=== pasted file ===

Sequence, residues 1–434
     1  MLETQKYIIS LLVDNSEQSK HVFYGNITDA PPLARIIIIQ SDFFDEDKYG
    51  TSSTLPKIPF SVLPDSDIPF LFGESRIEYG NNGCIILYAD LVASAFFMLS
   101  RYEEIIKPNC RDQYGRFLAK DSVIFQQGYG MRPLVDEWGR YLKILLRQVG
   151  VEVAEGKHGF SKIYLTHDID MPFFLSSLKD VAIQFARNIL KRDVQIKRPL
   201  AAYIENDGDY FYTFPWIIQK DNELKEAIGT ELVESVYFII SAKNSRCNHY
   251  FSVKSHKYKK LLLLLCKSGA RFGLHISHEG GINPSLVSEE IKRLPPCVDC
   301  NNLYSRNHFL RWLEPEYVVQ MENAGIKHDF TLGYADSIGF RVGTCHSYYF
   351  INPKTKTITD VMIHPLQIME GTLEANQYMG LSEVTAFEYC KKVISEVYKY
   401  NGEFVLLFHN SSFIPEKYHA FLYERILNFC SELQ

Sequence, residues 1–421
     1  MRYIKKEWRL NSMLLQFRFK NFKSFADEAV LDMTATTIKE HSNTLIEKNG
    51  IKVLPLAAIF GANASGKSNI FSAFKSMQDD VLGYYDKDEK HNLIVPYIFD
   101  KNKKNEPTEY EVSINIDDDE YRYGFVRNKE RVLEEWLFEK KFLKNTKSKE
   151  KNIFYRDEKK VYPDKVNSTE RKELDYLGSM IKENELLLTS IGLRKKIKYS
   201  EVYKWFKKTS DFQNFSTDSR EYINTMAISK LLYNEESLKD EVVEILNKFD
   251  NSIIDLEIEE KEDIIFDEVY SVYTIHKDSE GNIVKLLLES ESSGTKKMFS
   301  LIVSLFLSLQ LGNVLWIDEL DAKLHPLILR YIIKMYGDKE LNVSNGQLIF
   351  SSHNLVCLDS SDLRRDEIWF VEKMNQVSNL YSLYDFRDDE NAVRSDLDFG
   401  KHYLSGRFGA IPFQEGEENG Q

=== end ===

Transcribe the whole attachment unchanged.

Sequence, residues 1–434
     1  MLETQKYIIS LLVDNSEQSK HVFYGNITDA PPLARIIIIQ SDFFDEDKYG
    51  TSSTLPKIPF SVLPDSDIPF LFGESRIEYG NNGCIILYAD LVASAFFMLS
   101  RYEEIIKPNC RDQYGRFLAK DSVIFQQGYG MRPLVDEWGR YLKILLRQVG
   151  VEVAEGKHGF SKIYLTHDID MPFFLSSLKD VAIQFARNIL KRDVQIKRPL
   201  AAYIENDGDY FYTFPWIIQK DNELKEAIGT ELVESVYFII SAKNSRCNHY
   251  FSVKSHKYKK LLLLLCKSGA RFGLHISHEG GINPSLVSEE IKRLPPCVDC
   301  NNLYSRNHFL RWLEPEYVVQ MENAGIKHDF TLGYADSIGF RVGTCHSYYF
   351  INPKTKTITD VMIHPLQIME GTLEANQYMG LSEVTAFEYC KKVISEVYKY
   401  NGEFVLLFHN SSFIPEKYHA FLYERILNFC SELQ

Sequence, residues 1–421
     1  MRYIKKEWRL NSMLLQFRFK NFKSFADEAV LDMTATTIKE HSNTLIEKNG
    51  IKVLPLAAIF GANASGKSNI FSAFKSMQDD VLGYYDKDEK HNLIVPYIFD
   101  KNKKNEPTEY EVSINIDDDE YRYGFVRNKE RVLEEWLFEK KFLKNTKSKE
   151  KNIFYRDEKK VYPDKVNSTE RKELDYLGSM IKENELLLTS IGLRKKIKYS
   201  EVYKWFKKTS DFQNFSTDSR EYINTMAISK LLYNEESLKD EVVEILNKFD
   251  NSIIDLEIEE KEDIIFDEVY SVYTIHKDSE GNIVKLLLES ESSGTKKMFS
   301  LIVSLFLSLQ LGNVLWIDEL DAKLHPLILR YIIKMYGDKE LNVSNGQLIF
   351  SSHNLVCLDS SDLRRDEIWF VEKMNQVSNL YSLYDFRDDE NAVRSDLDFG
   401  KHYLSGRFGA IPFQEGEENG Q